Buildings were lit from the inside.  Working switches were added.  A new transformer arrived later with a whistle button and a cool, side-mounted throttle. Two pre-fab tunnels were added, one tunnel with a little blue lake painted on top and the other, longer tunnel curved to fit over a matching curve at the far end. A tall tower with a revolving red and green lantern at the top arrived one year, along with crossing gates that blinked red lights and went down and then back up as trains rumbled by. We had a long, silver metal bridge which merely sat on the floor, bridging over nothing, but it was neat to see the train travel thru it. A few years later, a new flat car appeared, which at the push of a button launched a helicopter flying off thru the air in someone’s direction. The future had arrived right in our living room!

Meanwhile, apart from the ever-burgeoning Lionel empire, the old Marx passenger train dutifully encircled the Christmas tree on our living room floor each year. I don’t think our Christmas trees would have remained upright without that Marx train holding their roots in place over the years. It had a job and it did it well.

At some point around the age of nine or so, my older sister moved out to be on her own, leaving her bedroom vacant. It was just the right size to fit a 4′ x 8′ plywood board atop sawhorses for a permanent set-up, and it wasn’t long before my father and I were hurrying to construct a bonafide model train layout to be ready by Christmas, just a few months away. It was awesome and took up nearly the whole room.

But, and please pardon me if I get a little technical here in explanation, it wasn’t long before we reached the inherent problem presented by the old Lionel trains, the point where the train layout reached its limits. There was no more room for expansion.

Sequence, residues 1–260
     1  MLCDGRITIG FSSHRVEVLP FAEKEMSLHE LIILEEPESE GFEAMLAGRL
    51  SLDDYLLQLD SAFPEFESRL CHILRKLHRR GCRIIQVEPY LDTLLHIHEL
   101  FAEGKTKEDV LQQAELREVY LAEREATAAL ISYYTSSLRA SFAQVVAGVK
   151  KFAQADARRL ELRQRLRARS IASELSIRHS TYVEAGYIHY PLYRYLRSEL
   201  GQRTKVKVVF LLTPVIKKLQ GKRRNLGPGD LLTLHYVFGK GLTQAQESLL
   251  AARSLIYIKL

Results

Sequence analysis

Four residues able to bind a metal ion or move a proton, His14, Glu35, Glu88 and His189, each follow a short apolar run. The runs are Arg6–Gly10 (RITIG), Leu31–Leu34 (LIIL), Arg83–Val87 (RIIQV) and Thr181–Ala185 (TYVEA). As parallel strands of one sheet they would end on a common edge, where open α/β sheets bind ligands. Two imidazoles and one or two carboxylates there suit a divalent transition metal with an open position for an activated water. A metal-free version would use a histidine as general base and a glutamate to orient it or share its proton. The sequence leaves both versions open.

In model trains ‘Scale’ represents the ratio of the model size to the real-life prototype. Lionel trains were ‘O’ scale, modeled on a scale of 1:48, where 1 inch on the model equals 48 inches in real life, making for fairly good-sized model trains which required a goodly amount of space to operate. Especially around curves, since trains do not handle 90 degree turns as well as automobiles and bicycles, having a much larger turning radius. Which in turn limits how much track and modeling can be done in a given space.

Still with me? Good — because now we’re getting to the dramatic part. Reaching my eleventh birthday, buoyed by a decent fifth-grade education by this point and having been exposed to Boy’s Life Magazine and the modern world thru the Boy Scouts, I had become aware of the newest, modern new thing in model railroading — ‘HO’ scale — ‘HO’ itself standing for “Half of O” scale.

‘HO’ scale modeling was at a 1: 87.1 modeling ratio, meaning one inch of model equaled 87.1 inches in real life. The decimal point alone made it much more scientific and cutting edge to the knowledgeable fifth-grader. In short, ‘HO’ model trains were about half the size of the old (and “out of date” in my young mind) ‘O’ scale Lionel trains while at the same time being much more detailed and realistic. The early train sets were truly more ‘toys’ while the new ‘HO’ trains were ‘models’, and to me at age eleven and now a Boy Scout, a vast difference. Madison Avenue and the marketers had my full attention. “Models” were for serious folk, while “toys” were for kids. And at age eleven and going on campouts and hikes, I no longer considered myself a kid, already being a Second Class Scout, after all.

In addition, it was all supported by the obvious fact that our Lionel train ran around on three silver tracks — Three! — while the new ‘HO’ trains ran on two more realistic, copper-colored rails with faux-wooden ties. Two tracks, like trains in the real world. Not to mention that my best friend down the street had an American Flyer set which ran on two rails like the real trains, which he constantly reminded me of.